MUCH OF THE WORK of getting
closer to people is arranging times when you can talk. The first,
most important key is not tweaking your thought patterns
or psychological habits. It is improving logistics
setting a time and a place where you can be with each other in
an environment where you can talk. Making a time when you can
have someone over to your house, for example. Using email to
figure out a good time to call and talk on the phone, for another
example. Set up events.
This seems elementary, but it is important.
Sometimes the most elementary principle is the most important.
My brother and I email each other fairly
often. I didn't talk to him much on the phone and rarely visited
him (he lives a thousand miles away and I haven't been committed
to closeness). Once, in an email, I asked him about photography
since I take such lousy pictures and he always manages to get
good ones. He said he had a lot to say about that, if I really
wanted to know. What a great opportunity. This was shortly after
my revelation. I was in the process of trying to cultivate closeness
"I do want to know," I
told him, "Let's do it on the phone. When would be a good
time to call?"
I'm trying to set up an event, you see?
That's the first step in getting closer to people: arranging
a time when you can talk. I think talking on the phone is better than email. And in
person is even better. Why? Because the communication is more
complete. When you add tone of voice and body language and facial
expression to your words, there is much more communication happening.
So it seems to me closeness might develop more easily and more
completely in person. But on the other hand, you're more likely
to have the person's full attention on the phone. And it's a lot more intimate to talk
one-on-one than four people talking together, for example, or
during a family get-together. The conversation one-on-one can
go deeper. At least that's my experience.
Setting is important too. If you try to
get together in a noisy bar, you won't connect as well as you
would in a quieter place with fewer distractions and interruptions.
Set up events conducive to communication. If you have control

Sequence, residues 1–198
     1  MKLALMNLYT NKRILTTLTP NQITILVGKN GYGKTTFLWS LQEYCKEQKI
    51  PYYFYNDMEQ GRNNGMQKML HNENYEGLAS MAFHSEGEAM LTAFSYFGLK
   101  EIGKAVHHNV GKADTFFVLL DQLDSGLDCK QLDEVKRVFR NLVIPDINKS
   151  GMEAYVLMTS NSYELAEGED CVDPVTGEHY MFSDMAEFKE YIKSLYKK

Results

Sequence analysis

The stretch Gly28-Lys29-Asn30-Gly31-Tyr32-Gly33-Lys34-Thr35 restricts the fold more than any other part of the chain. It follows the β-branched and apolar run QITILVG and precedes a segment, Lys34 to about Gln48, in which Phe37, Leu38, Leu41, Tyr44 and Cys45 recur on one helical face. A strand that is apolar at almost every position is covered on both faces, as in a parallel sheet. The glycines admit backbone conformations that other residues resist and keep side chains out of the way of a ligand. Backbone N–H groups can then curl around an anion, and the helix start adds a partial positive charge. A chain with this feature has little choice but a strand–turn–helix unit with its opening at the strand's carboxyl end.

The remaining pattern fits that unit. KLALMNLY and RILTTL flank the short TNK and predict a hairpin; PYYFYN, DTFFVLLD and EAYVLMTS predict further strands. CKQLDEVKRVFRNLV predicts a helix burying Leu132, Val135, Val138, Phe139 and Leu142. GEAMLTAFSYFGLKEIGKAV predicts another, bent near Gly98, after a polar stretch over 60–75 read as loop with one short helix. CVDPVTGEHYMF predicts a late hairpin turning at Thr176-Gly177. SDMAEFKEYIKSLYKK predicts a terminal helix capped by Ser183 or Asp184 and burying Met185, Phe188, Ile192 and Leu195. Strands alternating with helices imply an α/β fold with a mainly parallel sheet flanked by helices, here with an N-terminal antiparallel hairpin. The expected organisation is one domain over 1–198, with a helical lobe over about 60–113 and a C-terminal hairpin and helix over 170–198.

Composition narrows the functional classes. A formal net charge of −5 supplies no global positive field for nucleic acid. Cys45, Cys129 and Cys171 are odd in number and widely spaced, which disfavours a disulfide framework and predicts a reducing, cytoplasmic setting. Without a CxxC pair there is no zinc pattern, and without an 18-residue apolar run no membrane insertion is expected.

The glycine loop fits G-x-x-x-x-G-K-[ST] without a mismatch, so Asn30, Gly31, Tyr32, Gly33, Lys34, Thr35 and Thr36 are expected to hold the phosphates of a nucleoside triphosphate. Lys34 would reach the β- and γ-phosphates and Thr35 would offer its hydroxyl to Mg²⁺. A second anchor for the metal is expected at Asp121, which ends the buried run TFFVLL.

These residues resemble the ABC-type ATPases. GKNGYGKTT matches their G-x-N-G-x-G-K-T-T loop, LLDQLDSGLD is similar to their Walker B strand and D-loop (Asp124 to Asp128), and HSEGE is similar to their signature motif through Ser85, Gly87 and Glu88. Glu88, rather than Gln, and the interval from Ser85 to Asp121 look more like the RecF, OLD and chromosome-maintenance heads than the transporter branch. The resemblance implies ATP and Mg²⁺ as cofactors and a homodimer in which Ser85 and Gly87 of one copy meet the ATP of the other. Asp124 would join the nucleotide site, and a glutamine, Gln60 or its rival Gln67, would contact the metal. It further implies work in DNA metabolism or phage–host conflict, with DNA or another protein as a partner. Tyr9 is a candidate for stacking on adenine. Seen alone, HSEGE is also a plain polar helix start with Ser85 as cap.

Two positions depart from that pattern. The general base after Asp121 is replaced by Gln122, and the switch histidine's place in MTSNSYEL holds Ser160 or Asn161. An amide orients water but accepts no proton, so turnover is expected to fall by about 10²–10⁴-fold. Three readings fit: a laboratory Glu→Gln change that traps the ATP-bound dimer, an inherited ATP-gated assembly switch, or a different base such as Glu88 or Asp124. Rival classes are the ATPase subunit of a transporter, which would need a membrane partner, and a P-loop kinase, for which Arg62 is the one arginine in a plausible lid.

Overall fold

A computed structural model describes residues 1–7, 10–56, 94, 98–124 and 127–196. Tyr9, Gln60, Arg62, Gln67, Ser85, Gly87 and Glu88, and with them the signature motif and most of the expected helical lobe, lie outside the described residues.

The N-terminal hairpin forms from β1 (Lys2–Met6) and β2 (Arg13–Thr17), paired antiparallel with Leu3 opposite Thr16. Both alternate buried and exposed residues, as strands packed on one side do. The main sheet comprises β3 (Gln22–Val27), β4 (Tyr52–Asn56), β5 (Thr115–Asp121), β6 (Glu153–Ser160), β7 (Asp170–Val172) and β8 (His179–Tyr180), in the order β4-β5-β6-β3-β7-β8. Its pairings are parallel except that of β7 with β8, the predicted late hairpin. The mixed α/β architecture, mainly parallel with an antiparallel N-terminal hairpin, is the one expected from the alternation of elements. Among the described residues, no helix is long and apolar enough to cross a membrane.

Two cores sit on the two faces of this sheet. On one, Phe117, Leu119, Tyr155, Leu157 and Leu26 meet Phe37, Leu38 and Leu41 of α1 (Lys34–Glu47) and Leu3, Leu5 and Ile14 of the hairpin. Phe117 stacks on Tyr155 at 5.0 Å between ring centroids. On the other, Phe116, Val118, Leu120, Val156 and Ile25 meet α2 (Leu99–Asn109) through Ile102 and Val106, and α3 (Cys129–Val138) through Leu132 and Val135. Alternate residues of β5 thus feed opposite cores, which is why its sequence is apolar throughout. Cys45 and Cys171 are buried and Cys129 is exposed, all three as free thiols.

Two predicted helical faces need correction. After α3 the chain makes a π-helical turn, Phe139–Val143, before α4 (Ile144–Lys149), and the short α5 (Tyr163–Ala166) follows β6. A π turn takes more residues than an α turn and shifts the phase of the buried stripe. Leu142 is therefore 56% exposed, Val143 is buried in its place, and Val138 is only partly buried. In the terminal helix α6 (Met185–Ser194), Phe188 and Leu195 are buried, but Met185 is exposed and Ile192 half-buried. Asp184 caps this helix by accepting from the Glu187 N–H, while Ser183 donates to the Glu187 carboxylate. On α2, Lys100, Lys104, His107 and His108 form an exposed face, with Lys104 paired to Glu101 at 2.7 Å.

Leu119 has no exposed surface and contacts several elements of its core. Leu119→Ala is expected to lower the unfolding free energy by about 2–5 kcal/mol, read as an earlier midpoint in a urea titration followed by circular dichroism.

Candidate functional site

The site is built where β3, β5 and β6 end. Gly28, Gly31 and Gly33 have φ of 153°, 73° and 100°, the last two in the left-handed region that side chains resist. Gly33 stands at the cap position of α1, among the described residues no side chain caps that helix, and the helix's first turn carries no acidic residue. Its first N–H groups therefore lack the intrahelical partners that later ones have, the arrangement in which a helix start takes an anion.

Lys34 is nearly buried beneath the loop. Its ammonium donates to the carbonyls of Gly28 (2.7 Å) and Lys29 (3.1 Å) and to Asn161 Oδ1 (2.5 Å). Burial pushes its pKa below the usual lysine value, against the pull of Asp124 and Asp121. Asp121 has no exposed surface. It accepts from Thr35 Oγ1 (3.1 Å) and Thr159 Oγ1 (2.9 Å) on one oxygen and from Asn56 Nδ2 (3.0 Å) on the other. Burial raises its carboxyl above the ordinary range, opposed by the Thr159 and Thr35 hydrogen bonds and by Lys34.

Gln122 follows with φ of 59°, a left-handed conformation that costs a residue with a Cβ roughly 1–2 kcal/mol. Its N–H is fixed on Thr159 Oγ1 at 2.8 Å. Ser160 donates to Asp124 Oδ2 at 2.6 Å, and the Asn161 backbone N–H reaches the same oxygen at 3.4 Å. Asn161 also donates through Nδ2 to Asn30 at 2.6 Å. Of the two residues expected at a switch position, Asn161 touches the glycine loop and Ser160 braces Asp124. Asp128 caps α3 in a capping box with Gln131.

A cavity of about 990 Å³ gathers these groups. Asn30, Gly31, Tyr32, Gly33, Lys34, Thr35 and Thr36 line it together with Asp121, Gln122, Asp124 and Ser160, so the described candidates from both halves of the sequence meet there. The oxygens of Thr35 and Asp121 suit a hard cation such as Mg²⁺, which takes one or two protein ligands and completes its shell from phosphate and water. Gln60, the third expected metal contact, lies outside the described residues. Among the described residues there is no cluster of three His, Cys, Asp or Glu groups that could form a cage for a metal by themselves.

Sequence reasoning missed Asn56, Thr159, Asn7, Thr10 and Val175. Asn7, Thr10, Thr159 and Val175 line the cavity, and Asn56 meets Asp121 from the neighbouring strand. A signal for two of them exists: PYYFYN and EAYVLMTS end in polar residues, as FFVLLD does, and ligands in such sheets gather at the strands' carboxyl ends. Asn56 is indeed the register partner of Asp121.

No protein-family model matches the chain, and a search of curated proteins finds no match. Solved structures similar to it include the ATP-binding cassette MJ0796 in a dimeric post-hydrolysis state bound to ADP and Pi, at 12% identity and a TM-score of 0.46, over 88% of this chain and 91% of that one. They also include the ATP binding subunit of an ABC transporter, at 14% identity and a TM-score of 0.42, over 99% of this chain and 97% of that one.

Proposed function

of background music, for example, use the kind without words.
It's less distracting. It makes conversation easier.
Mind-set is important too. When you're
on your way to your meeting, or about to dial the phone, think
about your relationship with the person. Get yourself in the
right frame of mind for communicating. Remind yourself of the
principles in this book. Refresh your memory of why you
want to cultivate closeness with this person.
Set and setting will determine the quality
of the experience.
RENEWING A CONNECTION
If you've decided to increase closeness
with someone you've hardly talked to for years, ease into it
at first. Start slowly. A brief email a little something
about what's going on with you, with some expression of feeling,
and a few simple questions about what's going on with her. Let
a little time go by. Then write a longer email message with a
little more information, a little less time in between. Maybe
after awhile, a brief phone call. And then later, a longer call.
Then a visit. Etc. Let her get used to the new you. Let her speak
up a bit to find you're a better listener than you used to be.
She will begin to feel closer to you and open up more with you.
Make it safe. Ease into closeness. Cultivate it; don't
force it. Deliberately take your time and gradually increase
If she seems hesitant or wary or suspicious
of your motives, don't take it personally. You don't know what
kind of explanation she made for why you haven't been communicating.
Let your new attitude demonstrate to her your intention is closeness.
Let her gradually warm up to you. As your beam your warmth to
her, she will take down her defenses and open up. This can't
be accomplished with force or pushing or hurrying. Cultivation
Spend some time beforehand thinking about
what you'd like to share and what you want to know. Think about
how important closeness is. Remind yourself to focus on feelings
(as you'll learn in the next few chapters) and keep closeness
as a purpose clear in mind. This is part of arranging a time
to talk. You've got the time and the place, so now get your mind
and heart aligned with your purpose.
Principle Number One:
Arrange times when you can talk,
in surroundings conducive to talking.